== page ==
The ML software comes with some intervalometer software, so there's no need to buy external units to fire off your time lapses anymore! But another neat feature is the ramp exposure mode, one of the main problems with time lapse is the flicker that you get when the camera slightly adjusts the exposure for each frame. As clouds move and change the light, the camera adjusts to compensate and the result is a slight flickering. If it's a steady scene, this can be overcome by setting the exposure manually, but if you're doing a time lapse of a sun rise or a sunset then you need the exposure to change as the scene changes... thats where the ramp exposure comes in, you can configure the exposure to only get lighter with the scene, or only get darker with the scene (or auto for it to figure out itself). The result is a constantly changing exposure that only goes one way to eliminate the flicker. I'll be trying the time lapse software out soon so hopefully that will be another blog post to show how I got on.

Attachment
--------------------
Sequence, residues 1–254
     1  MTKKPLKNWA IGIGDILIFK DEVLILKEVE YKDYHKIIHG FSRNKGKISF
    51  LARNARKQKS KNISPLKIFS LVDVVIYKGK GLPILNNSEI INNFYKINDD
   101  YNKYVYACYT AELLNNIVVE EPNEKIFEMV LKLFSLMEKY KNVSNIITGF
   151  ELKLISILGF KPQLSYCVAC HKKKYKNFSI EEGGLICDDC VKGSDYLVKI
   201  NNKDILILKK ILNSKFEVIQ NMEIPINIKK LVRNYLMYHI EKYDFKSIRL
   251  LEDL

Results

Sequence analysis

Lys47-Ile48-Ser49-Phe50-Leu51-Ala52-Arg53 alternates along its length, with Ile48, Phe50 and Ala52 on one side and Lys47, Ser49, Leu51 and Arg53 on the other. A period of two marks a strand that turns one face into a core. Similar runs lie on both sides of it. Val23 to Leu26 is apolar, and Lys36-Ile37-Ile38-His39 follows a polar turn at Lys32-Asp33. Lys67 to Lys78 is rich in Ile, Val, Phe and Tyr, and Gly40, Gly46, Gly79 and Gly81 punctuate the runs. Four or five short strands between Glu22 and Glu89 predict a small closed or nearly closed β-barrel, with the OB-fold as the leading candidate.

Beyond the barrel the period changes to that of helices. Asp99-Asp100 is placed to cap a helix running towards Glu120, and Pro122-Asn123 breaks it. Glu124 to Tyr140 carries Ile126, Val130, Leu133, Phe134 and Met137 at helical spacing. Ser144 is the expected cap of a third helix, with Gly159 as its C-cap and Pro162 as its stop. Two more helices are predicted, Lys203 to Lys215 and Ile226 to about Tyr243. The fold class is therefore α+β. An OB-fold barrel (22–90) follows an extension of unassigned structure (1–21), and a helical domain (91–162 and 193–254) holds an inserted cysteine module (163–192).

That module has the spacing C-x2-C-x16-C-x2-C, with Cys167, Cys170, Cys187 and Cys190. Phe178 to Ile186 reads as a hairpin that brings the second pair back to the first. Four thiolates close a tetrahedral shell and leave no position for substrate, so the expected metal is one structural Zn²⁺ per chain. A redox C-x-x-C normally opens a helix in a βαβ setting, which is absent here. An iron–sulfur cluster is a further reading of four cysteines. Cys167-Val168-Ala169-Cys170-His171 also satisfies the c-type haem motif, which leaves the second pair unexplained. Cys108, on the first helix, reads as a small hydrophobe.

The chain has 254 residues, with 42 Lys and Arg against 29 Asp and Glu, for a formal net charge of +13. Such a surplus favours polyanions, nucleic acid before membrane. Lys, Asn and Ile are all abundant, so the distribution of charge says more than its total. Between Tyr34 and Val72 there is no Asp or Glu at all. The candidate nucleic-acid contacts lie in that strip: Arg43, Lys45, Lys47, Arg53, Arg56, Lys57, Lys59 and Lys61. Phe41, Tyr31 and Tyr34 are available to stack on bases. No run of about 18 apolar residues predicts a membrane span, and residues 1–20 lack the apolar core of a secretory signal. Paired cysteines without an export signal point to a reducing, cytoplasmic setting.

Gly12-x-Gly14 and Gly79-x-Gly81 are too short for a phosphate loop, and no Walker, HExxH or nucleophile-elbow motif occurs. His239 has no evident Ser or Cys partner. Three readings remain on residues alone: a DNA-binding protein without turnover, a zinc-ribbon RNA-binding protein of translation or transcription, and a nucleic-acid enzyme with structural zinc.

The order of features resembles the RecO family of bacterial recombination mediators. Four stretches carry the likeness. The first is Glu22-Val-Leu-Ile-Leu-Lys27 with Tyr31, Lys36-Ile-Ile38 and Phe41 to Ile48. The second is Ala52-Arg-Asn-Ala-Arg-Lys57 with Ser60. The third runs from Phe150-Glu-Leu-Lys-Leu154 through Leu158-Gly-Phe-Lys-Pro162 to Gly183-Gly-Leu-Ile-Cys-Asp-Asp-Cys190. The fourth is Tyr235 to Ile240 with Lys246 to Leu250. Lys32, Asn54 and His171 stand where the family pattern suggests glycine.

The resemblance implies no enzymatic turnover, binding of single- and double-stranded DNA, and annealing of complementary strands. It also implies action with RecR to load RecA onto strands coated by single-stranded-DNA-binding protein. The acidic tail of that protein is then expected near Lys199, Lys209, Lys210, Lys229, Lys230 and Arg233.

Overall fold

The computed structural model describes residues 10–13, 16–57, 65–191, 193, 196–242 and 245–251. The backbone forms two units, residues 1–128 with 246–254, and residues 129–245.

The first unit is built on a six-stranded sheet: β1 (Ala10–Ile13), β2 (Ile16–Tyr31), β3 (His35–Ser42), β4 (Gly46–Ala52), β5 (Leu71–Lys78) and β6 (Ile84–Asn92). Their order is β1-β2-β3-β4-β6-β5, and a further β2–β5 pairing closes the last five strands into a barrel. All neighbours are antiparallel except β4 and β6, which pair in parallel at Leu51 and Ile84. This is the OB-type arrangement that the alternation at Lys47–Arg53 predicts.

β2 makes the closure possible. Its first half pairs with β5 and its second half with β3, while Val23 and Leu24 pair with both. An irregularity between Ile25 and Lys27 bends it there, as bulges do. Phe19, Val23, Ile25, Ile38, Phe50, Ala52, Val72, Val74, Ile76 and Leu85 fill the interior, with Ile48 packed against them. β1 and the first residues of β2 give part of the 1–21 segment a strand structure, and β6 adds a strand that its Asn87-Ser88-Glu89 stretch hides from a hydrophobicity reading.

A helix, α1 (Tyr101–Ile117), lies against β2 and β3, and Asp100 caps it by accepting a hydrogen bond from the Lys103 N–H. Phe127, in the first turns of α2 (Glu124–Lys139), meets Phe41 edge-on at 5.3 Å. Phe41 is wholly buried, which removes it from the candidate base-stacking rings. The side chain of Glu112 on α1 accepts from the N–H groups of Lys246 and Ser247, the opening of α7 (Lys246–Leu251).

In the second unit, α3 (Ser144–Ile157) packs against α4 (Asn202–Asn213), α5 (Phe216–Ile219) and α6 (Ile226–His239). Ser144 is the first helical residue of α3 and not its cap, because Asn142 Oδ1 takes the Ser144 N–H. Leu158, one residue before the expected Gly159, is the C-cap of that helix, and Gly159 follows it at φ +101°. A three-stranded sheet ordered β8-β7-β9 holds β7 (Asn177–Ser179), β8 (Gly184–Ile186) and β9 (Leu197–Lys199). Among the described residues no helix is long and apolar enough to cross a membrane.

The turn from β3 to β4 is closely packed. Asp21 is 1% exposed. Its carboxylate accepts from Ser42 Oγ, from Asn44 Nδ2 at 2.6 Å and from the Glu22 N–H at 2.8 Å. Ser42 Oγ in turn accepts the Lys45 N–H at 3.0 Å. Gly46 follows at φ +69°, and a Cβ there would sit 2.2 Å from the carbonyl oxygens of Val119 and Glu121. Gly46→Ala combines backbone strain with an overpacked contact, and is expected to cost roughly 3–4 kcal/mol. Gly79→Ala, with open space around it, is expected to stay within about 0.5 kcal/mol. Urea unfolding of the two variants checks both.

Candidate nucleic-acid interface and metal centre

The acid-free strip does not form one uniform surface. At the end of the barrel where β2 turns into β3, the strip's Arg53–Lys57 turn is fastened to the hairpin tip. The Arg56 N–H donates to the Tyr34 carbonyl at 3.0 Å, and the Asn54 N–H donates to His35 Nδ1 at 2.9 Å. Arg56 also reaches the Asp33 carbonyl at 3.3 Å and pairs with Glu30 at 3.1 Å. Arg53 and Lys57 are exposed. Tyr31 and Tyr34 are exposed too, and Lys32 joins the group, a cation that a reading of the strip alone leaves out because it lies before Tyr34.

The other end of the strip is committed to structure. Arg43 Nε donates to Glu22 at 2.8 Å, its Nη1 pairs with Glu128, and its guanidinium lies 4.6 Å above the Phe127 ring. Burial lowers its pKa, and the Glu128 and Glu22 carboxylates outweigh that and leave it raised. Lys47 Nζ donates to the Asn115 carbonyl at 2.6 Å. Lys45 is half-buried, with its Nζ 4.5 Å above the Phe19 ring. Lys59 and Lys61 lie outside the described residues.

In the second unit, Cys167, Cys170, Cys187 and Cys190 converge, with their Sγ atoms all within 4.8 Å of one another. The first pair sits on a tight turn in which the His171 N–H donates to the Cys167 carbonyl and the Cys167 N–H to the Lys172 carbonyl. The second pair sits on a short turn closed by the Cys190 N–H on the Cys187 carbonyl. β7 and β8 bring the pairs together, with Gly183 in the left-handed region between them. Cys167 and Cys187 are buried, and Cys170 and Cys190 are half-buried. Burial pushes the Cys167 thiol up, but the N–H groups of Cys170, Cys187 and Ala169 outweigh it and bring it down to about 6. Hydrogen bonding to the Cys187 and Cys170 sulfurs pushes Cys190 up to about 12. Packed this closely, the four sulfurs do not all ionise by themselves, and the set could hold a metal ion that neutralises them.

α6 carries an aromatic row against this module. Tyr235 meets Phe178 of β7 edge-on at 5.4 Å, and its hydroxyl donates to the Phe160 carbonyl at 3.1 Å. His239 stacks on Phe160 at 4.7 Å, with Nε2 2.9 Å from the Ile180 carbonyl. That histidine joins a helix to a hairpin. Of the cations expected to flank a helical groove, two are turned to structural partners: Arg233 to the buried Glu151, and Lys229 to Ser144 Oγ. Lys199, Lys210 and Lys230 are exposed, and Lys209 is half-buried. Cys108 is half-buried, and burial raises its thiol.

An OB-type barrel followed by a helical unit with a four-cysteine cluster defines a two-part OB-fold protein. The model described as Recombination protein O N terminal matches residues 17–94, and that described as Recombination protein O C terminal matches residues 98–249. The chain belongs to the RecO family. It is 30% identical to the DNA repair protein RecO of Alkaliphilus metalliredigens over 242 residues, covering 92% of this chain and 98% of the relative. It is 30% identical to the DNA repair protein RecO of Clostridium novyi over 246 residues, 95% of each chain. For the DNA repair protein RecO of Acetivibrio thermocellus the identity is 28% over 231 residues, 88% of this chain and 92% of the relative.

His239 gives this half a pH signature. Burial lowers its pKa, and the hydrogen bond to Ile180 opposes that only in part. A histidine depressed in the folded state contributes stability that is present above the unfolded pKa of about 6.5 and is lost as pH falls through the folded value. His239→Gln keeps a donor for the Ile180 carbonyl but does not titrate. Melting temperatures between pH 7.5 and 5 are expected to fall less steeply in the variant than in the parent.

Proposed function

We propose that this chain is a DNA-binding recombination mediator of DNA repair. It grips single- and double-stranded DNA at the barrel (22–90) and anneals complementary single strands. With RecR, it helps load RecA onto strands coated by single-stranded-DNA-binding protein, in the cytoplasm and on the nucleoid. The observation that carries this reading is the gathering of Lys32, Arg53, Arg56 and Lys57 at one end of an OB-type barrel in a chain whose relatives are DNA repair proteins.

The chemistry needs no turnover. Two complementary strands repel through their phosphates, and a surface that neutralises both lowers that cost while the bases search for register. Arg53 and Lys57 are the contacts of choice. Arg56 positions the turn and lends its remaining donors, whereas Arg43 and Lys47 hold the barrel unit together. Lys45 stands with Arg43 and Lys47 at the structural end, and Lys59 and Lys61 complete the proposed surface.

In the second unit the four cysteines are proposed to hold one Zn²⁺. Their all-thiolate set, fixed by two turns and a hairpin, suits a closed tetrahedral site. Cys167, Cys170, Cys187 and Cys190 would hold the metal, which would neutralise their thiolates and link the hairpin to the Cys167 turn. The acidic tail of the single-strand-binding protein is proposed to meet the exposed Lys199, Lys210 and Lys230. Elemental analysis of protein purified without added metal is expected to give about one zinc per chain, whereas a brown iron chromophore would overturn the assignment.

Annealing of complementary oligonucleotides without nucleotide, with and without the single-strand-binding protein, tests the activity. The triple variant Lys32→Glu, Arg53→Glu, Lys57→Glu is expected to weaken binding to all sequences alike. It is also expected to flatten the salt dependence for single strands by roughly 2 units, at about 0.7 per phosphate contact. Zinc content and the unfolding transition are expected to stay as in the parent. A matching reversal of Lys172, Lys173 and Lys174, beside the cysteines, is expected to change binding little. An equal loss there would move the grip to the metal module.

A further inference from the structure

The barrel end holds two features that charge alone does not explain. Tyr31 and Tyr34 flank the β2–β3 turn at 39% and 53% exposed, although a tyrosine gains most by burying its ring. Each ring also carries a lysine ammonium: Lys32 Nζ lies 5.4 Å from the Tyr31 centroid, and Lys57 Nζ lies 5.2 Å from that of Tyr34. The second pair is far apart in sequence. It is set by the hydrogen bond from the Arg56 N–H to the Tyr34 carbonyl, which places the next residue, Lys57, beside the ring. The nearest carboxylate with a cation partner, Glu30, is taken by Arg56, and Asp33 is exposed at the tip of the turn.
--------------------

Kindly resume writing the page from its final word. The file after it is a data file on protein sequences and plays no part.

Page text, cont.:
HDR Video

HDR (High Dynamic Range) photos are hugely popular these days, if you're not aware of them then it's basically combining multiple exposures into a single photograph so that the darks are not too dark and the lights are not too light. Quite often this isn't an option in a single exposure and you can either expose for highlights or for shadows but not for both. ML includes a bracketing feature so that it will automatically shoot multiple exposures specifically for HDR images. But what about video? How could you employ this technique to create HDR video? Well, Magic Lantern's solution is to shoot a strobe effect of two exposures in the video. You then need to process this video to convert the strobe video into two separate video streams that can then be combined. It's a very interesting concept, and another that I'll be experimenting with shortly and will post another blog post with the results.